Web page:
In the last two years, our experience with clients has shown that companies that have evolved toward a more mature risk culture of interdependence reap the dual benefits of reduced incidents and improved productivity. They are able to mitigate risks while maximizing opportunities for sustainable value creation. They also are able to allocate appropriate time, attention and resources to deliver improved performance.
Based on these findings, we’ve developed the DuPont Bradley Value Curve™ that adds the Dimension of operational excellence and provides a more holistic picture of the impact cultural maturity can have on productivity (see Figure 3).
Seven Steps to a Successful Operational Risk Management Program
Today, companies that want to deploy an effective ORM program face a number of headwinds. In recent years, rapid shifts have occurred in the operational landscape of many organizations, particularly those in the industrial sector. Companies are now more global than ever with larger and more complex supply chains. They need to manage an expanding list of regulatory requirements, and the explosion in social media means their activities are scrutinized more closely than ever before.
Most notably, it is increasingly difficult in today’s environment for organizations to secure adequate funding necessary to ensure their ORM strategy continues as an ongoing program. Research recently conducted for DSS by independent consulting firm Verdantix found roughly two out of every three organizations (65%) claimed lack of available budget was a significant barrier to securing funding for ORM programs.
Based on this research, in which 75 senior leaders across eight industry sectors spanning 10 countries were interviewed to determine their perceptions of ORM strategies within their organizations, DSS recommends seven steps companies should follow to implement a successful ORM program:
1. Secure approval and leadership at the corporate level. This is a critical first step. An ORM program will only be truly effective if it is championed at the very top of the organization. Roughly eight out of 10 companies (79%) say that accountability for risk management is assigned at the corporate level, according to the research conducted for DSS.
2. Introduce risk accountability across the organization. Employees across every level of the enterprise need to be trained to incorporate risk-based thinking into their day-to-day activities and be held accountable for risks within their immediate area of control. Alarmingly, more than one-third (38%) of companies say that shop-floor employees are currently not held accountable for risk management.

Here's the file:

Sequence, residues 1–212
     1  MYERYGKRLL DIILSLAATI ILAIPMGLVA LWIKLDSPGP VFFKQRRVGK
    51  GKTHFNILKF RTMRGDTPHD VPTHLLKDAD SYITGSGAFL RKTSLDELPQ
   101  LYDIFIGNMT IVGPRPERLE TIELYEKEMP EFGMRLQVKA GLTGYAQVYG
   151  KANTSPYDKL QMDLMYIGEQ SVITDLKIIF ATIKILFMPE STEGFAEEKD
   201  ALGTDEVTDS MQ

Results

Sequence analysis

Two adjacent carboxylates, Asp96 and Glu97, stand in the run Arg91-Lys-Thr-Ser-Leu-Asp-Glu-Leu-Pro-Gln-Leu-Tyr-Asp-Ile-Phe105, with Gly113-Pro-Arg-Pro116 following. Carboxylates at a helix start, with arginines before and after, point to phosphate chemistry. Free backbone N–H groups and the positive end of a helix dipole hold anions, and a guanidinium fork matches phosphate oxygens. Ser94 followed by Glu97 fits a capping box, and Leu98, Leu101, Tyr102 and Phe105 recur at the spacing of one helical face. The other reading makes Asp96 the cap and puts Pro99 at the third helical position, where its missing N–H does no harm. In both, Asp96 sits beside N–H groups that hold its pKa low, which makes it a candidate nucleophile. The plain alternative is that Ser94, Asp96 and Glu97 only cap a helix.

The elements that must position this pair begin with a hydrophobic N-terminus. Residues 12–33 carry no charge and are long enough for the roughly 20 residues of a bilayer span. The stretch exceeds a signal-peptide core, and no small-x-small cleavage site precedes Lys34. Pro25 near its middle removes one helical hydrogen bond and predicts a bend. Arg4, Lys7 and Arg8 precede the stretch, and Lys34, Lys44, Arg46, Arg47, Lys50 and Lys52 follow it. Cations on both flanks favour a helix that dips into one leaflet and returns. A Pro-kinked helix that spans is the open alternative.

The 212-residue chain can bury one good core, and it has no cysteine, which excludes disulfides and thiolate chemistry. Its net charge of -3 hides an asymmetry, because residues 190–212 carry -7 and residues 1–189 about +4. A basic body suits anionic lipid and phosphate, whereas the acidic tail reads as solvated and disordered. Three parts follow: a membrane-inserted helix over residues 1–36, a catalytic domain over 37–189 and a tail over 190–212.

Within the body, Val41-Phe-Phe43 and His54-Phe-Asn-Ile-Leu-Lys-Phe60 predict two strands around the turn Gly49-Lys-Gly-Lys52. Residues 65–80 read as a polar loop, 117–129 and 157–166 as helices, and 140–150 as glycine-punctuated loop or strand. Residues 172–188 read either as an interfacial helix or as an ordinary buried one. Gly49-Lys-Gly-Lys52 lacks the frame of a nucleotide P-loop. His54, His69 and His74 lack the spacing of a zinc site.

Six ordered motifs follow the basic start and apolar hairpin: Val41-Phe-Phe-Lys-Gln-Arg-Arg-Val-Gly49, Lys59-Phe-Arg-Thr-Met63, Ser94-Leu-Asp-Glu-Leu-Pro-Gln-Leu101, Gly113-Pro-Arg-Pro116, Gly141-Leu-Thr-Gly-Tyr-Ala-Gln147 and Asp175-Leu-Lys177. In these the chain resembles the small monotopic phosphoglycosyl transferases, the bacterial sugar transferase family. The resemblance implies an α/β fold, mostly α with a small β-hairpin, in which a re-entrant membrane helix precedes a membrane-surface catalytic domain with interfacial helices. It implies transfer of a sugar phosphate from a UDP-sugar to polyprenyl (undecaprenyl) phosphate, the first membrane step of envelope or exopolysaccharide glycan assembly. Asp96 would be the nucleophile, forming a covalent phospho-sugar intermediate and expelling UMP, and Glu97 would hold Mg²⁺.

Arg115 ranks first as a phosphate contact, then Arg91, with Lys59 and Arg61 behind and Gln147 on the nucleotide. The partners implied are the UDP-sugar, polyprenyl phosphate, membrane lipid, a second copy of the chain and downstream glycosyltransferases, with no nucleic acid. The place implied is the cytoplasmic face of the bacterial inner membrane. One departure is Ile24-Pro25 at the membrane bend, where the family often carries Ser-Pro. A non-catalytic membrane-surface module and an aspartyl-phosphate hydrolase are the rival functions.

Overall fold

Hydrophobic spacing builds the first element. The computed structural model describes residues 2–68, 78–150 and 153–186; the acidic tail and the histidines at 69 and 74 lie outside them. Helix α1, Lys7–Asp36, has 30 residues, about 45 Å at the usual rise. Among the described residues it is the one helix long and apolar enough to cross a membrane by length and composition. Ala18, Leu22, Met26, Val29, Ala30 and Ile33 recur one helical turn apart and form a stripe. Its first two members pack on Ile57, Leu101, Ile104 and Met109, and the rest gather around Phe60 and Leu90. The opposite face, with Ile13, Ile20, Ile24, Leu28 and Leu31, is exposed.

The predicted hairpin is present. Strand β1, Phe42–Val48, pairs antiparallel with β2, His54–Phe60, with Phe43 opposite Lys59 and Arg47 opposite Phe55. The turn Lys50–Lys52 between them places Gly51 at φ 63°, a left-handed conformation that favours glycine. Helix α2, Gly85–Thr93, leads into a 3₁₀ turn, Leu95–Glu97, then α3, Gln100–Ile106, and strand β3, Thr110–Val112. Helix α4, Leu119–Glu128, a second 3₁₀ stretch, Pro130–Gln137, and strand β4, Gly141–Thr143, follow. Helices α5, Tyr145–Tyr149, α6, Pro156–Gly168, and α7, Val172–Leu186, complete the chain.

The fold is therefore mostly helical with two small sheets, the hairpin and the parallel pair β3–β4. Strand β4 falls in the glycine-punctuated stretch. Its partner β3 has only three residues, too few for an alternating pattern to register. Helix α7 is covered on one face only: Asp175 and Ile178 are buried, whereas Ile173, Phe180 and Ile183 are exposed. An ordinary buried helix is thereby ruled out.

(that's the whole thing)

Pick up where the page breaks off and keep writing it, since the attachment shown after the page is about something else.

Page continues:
3. Agree to timely risk assessments. Risk assessments help ensure companies comply with new requirements and keep risk management a top priority. The frequency of these audits should be determined by the unique characteristics of each company and its operational footprint. According to the research done for DSS, 92% of firms are conducting risk assessments on at least an annual basis. Reviewing and revising an organizations’ risk assessment on a regular basis allows the company to keep the risk profile up-to-date and to incorporate any relevant changes (economic, geopolitical, technology, workforce).
4. Quantify and prioritize risks. Managing an optimized ORM program requires that risks are quantified in terms of probability and severity, and calculated in terms of the costs and benefits of mitigating a risk versus allowing the risk to remain as is. This enables mitigation efforts to be targeted most effectively.
5. Establish appropriate metrics and key performance indicators to monitor and assess performance. This is one of the most important steps in a successful ORM program. It enables companies to ensure the appropriate effort and resources are expended based on the specific risk profile of the business. The research conducted for DSS shows a number of firms are already aware of the importance of this step and are supplementing the development of their metrics with advice from outside sources.
6. Implement consistent, well-documented and cost-effective controls. Such control measures are necessary to actively mitigate identified priority risks. While nearly all companies (98%) feel they already have adequate controls already in place, only about one in four (27%) considered them cost-effective, suggesting an opportunity for them to identify better options for managing and controlling identified risks.
7. Reinforce the importance of risk management through regular communications. Establishing a regular timetable of communication on ORM performance is an effective way of maintaining engagement on the subject. Communications should be tailored to specific levels and functions of the organization to address different priorities and focus areas.
Developing effective ORM programs to successfully mitigate risk should be a priority in today’s competitive business environment. It requires that companies not only structure a program that is unique to their business operations and engrained into the day-to-day activities of every employee at every level of the organization, but also that enterprises make an ongoing commitment to ORM despite the many challenges they currently face. Companies that adopt a long-term view and take the necessary steps to implement ongoing ORM programs today will reap the benefits of a safer and more successful organization in the future.
Srini Ramabhadran is global practice leader for process safety and operational risk management with DuPont Sustainable Solutions. He has more than 27 years international experience leading cross-functional and cross-regional teams to facilitate the sustainable transformation of organizational culture in the area of operational risk management. At DuPont he leads the assessment, learning and development, and facilitated implementation of process and behavioral safety and environmental management solutions.
Mieke Jacobs is global leader for employee safety and operational risk management with DuPont Sustainable Solutions. Based in Belgium, she has more than 17 years of experience with DuPont including managing operations, supply chain, continuous improvement, and change management. At DuPont she is pioneering new approaches toward employee safety, most recently applying neuroscientific research to better understand employees' risk awareness and decision making processes.